The past few days, I have been stuck in worry and fear. I’m not as much of a worrier as I used to be. About thirteen years ago, I was having panic attacks and diagnosed with generalized anxiety disorder, so I know worry. Now the panic attacks are gone and I don’t worry that much (meditation, yoga, writing, and my dogs all contributed to the “fix”)–and yet, every once in a while, for some reason, my mind gets hooked by something and I find myself trapped in discursive thought, like my brain is on this giant hamster wheel, running and running with no rest.
1. Truth: When we are stuck in worry, in fear, it’s hard to see our way out. These negative thoughts and emotions, this place where our mind anticipates and attempts to avoid potential threats is sticky and deep. The power of our imagination fueled by panic and anxiety and fear is able to generate monsters and situations we can almost touch they seem so real. Worry and fear manifest in our bodies, generate stress, can sometimes even take us from dis-ease to actual disease. Our limbic brain takes over and all it knows is fight, flight, or freeze. Sometimes all we can do is sit with it, stay with it, give it our full attention until it passes, dissolves, releases us from its grip.
2. Truth: Worry is wasted. It makes us experience awful things that may never actually happen. I read somewhere that worrying is like praying for the things you don’t want.
“Worry does not empty tomorrow of its sorrow; it empties today of its strength.” ~Corrie ten Boom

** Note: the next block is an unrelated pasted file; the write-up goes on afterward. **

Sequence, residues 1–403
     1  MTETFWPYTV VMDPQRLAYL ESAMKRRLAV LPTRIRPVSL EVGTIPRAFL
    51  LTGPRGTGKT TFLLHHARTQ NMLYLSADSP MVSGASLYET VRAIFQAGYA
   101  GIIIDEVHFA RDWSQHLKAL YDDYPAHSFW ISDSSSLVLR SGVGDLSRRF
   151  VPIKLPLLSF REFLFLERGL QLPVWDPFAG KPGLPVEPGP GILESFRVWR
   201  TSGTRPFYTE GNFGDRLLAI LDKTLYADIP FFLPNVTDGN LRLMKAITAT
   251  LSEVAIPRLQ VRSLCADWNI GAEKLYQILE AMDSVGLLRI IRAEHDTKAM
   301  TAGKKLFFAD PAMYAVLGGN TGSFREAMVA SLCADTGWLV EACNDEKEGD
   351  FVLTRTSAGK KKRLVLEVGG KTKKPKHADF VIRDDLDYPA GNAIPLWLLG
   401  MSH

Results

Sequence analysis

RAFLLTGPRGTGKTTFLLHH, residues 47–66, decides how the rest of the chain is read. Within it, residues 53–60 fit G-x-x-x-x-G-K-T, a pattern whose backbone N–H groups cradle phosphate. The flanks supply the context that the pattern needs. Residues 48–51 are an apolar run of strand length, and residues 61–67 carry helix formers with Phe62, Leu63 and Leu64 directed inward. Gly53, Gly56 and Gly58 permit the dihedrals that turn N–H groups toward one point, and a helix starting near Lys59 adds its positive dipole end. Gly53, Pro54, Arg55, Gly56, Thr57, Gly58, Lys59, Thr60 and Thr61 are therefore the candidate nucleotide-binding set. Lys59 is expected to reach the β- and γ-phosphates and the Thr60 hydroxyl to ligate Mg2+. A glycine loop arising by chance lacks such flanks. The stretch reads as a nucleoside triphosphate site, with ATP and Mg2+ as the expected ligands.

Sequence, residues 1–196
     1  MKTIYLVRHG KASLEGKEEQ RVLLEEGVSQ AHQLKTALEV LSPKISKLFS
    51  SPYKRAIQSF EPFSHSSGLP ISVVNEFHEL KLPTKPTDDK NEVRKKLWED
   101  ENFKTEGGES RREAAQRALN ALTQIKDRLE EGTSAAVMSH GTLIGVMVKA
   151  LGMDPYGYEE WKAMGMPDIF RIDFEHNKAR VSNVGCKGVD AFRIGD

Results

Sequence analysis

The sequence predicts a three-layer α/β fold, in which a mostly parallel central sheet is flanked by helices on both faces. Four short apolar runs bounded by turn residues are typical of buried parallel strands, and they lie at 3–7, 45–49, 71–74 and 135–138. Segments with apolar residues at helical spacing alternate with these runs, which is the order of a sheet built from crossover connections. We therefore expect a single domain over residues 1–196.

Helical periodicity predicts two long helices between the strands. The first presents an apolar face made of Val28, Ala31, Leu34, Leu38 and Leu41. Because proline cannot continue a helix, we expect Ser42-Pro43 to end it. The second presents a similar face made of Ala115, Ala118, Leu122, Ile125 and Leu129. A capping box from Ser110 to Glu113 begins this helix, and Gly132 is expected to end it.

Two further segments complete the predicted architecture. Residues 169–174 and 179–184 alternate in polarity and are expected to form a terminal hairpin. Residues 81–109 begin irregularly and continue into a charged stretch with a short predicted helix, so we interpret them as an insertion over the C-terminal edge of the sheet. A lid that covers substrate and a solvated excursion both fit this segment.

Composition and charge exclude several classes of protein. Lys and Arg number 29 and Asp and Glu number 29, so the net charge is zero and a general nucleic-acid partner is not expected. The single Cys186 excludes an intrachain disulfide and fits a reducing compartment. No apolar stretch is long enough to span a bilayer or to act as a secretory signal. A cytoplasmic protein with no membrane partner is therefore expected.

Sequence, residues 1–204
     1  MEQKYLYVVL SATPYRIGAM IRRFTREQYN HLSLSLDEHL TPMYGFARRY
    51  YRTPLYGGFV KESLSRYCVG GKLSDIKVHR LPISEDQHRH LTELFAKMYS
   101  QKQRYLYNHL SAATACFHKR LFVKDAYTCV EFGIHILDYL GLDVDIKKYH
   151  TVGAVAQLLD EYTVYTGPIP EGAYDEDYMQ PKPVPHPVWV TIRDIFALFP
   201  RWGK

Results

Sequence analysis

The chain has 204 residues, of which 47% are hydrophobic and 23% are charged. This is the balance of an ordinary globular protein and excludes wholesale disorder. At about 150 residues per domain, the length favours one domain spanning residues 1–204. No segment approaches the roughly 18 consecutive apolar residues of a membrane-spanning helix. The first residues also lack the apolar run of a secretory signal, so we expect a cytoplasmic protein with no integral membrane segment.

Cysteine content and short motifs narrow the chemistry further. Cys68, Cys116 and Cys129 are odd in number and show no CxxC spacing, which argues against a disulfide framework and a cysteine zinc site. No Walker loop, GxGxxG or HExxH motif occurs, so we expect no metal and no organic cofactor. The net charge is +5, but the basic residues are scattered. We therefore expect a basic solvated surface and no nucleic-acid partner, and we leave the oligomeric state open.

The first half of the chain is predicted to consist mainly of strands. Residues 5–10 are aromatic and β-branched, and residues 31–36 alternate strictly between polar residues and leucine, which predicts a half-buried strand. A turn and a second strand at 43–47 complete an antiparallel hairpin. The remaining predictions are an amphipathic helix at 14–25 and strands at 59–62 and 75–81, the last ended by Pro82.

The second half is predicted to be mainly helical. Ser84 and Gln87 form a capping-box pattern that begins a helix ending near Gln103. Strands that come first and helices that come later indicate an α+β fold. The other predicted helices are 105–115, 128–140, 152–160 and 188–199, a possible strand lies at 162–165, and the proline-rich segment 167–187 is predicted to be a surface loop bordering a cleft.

“If a problem is fixable, if a situation is such that you can do something about it, then there is no need to worry. If it’s not fixable, then there is no help in worrying. There is no benefit in worrying whatsoever.” ~Dalai Lama
3. Truth: The real source of all worry, all our fear, is the Big Bad. What’s the Big Bad? Everything changes, and we all are going to die. This worry, this anxiety, this truth is what’s underneath every worry we generate. If we can somehow accept, even make friends with the Big Bad, the other worries fade, dissolve, because when we accept the realities of change and death, we can embrace and embody our life, we can live. I know, I know: easier said than done, but we have to try, because the fear can keep us frozen or numb, or both–and that is not living.
“The secret of health for both mind and body is not to mourn for the past, nor to worry about the future, but to live the present moment wisely and earnestly.” ~Siddhārtha Gautama
“Remembering that I’ll be dead soon is the most important tool I’ve ever encountered to help me make the big choices in life. Because almost everything — all external expectations, all pride, all fear of embarrassment or failure — these things just fall away in the face of death, leaving only what is truly important. Remembering that you are going to die is the best way I know to avoid the trap of thinking you have something to lose. You are already naked. There is no reason not to follow your heart.” ~Steve Jobs
One wish: That we can all be kind and gentle with ourselves when we worry, when we are afraid, and then, quickly and with ease, be released from worry, let go of our anxiety, relax and return to joy and gratitude, to life in the present moment.
Mindfulness practices, such as yoga and meditation and art making, are very effective for making peace with the Big Bad, for coping with anxiety and fear and worry. Here are a few other things written about worry that you might find helpful:
Great post Jill! Is worry the same as anxiety?
Without looking up literal definitions, the way I’d answer this question is to say that worry is the thinking portion and anxiety is the emotional component, both of which can manifest in the body–but I could be wrong. What do you think?